As a Canadian citizen, he was allowed to file for the Consent to Reapply for Admission and 212(d)(3) nonimmigrant waiver directly with CBP through the eSAFE online system. Canadians may present their passport and do not need a visitor visa to request entry to the U.S. for temporary visits. Therefore, he did not have to apply for the visa at the U.S. Consulate and receive their recommendation for the waiver requests to be submitted to CBP. The direct filing process for Canadian citizens removes one big stumbling block.

Nonimmigrant visa applicants who need a CTR or 212(d)(3) waiver are not required to submit the official Form I-212 and Form I-192. But they should present supporting documents at the visa interview before the U.S. Consulate. The Consulate may then forward these documents, electronically, to the CBP, if they make a favorable recommendation.

Within 6 months of the filing, my client received a decision from CBP approving both his Form I-212 and I-192 applications. He now has a Consent to Reapply for Admission and 212(d)(3) waiver to make temporary U.S. visits. Although they will expire, he can expect his future waiver requests to be approved so long as there are no new negative factors to consider.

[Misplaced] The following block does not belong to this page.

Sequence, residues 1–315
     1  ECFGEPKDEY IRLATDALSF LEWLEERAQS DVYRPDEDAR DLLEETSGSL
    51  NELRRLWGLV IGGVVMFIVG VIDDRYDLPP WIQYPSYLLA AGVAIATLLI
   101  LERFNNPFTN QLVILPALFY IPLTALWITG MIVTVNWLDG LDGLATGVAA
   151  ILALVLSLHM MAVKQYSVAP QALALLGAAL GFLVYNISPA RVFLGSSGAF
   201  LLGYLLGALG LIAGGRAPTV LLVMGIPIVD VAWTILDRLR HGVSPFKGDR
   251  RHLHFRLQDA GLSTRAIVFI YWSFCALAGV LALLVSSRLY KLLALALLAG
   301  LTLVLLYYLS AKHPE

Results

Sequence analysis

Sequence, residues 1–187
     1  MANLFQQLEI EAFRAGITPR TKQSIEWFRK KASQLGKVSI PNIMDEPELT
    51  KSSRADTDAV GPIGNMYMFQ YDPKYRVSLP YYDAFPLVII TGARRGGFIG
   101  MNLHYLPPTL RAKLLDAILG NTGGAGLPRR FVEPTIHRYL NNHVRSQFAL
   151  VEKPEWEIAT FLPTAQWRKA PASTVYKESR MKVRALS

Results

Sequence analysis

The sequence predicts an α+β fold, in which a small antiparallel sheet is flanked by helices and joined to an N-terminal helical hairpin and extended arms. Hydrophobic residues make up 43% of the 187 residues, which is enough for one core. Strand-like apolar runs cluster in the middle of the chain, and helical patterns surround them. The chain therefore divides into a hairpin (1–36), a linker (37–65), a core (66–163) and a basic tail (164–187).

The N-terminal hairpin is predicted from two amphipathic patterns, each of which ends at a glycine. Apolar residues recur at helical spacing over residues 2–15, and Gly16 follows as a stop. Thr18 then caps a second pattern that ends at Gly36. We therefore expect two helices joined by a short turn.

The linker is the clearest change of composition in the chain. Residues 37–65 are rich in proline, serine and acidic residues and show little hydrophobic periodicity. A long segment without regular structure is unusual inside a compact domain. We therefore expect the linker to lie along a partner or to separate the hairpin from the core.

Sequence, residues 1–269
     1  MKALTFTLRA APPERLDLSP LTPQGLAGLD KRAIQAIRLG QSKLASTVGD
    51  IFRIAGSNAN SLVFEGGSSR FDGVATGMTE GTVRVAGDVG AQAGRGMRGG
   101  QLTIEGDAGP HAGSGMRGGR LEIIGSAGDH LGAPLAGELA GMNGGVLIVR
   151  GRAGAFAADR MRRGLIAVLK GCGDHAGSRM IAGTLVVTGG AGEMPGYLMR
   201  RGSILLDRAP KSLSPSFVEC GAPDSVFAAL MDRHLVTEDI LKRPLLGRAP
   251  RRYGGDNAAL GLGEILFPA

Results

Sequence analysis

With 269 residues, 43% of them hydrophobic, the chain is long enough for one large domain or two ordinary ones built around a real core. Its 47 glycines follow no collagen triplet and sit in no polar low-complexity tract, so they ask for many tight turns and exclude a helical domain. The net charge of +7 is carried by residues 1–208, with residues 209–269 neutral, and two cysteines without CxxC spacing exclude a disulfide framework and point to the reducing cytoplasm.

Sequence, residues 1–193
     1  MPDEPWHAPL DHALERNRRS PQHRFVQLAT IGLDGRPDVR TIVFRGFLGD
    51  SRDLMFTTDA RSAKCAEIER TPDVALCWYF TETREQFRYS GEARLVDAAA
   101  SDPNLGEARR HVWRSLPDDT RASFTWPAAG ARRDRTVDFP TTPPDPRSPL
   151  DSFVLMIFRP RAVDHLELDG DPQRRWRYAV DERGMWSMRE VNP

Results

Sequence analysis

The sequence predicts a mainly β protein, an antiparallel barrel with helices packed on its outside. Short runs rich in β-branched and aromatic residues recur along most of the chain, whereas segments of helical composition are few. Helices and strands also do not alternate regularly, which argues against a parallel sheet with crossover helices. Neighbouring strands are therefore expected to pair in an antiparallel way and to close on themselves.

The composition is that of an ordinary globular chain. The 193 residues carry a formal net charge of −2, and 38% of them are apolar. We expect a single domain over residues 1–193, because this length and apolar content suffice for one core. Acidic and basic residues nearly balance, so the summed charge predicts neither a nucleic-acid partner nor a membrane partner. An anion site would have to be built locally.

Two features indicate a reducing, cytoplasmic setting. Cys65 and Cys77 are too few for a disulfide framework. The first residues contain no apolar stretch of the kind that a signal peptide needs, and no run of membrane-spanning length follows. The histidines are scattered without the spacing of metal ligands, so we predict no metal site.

After he finally entered the U.S. with his Canada passport and waiver grants, he made a surprise visit to his parents. He sent me a video showing how excited and happy his mom was when he appeared at her doorstep.

This is a true success story at Dyan Williams Law.

If you found value in this episode, hit the like, share and subscribe buttons. For more information, check out our website at dyanwilliamslaw.com. To request a consultation, you may send an email inquiry to info@dyanwilliamslaw.com. Be sure to describe why you are barred from the U.S. and the type of U.S. visa or admission you seek.

This content is general information and is for educational purposes only. It is based on current U.S. immigration laws, regulations and policies that are subject to change. Do not consider it as legal advice for any individual case or situation. Each case is different and even cases that seem similar can have different outcomes. The sharing or receipt of this information does not create an attorney-client relationship.